One of my favorite artists… I immediately smile when I hear the voice of Mac Powell, lead singer of Third Day. This band, and this voice, have been with me intimately during a couple rough seasons of life and I think it’s almost a conditioned response that I break out in a grin when I hear him sing.
It’s funny, the more you befriend yourself, the more you begin to recognize the various “selves” of you. For instance, I can tell when life is becoming overwhelming or bland, as I begin retreating to my hideaways of memoir, like living fluently in Florence, Italy, or picking up new words in Swahili, back on safari. Hiking through the Blue Ridge mountains.
And suddenly I’m feeling nostalgic for the “me” who loved listening to French music while wandering old apartments, who felt opportunity mixed with young adult rebellion in her glass of red. I studied French for seven years and then lived abroad in Italy. Go figure.
Music does something transformative to us, physiologically and emotionally. We time travel to familiar melodies and reminisce as our synapses are flooded with do-overs or do-agains. I love this description from Kat’s blog about the vanity of our decisions through time: “When you’re young, the irresistible thing about about being grown up is the freedom to do whatever you want. When you’re grown up, the irresistible thing about being young is the impermanence of your decisions.” And music only intensifies this.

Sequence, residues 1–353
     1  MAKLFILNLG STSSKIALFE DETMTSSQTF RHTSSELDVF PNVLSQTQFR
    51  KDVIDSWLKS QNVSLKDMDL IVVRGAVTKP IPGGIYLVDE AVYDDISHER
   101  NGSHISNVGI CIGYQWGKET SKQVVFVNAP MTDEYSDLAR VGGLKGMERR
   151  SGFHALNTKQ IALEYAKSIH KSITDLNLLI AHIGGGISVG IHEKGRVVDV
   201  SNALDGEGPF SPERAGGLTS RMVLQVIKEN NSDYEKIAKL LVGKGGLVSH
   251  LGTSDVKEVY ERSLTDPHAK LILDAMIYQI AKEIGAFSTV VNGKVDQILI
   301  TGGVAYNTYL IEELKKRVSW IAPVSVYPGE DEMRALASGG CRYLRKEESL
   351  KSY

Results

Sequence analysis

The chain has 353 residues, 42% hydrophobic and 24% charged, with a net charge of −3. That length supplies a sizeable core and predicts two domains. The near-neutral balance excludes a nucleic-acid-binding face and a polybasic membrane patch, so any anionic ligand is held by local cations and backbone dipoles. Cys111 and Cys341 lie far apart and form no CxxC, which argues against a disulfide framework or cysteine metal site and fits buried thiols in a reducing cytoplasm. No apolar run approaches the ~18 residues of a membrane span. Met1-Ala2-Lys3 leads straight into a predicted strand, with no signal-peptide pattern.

At times, the former “me” could be soothed with countless iterations of Amelie and Yann Tiersen and crooning Charles Aznavour. And now I’ve found someone new to amuse myself with. Coeur de Pirate. Lovely.
Peter said to Paul, “You know, all those words we wrote are just the rules of the game and the rules are the first to go. But now talking to God is Laurel beggin’ Hardy for a gun. I got a girl in the war, man, I wonder what it is we’ve done.”
Paul said to Peter, “You gotta rock yourself a little harder. Pretend the dove from above is a dragon and your feet are on fire.”
Perfect song for today… the rain is so insulating.
This one makes me think of being in a remote location… and Jack Kerouac’s “The Dharma Bums”. Perhaps because Justin Vernon spent time hibernating on his own “Desolation Peak” writing these songs. A quiet, warm intimacy of knowing just where you really stand with it all…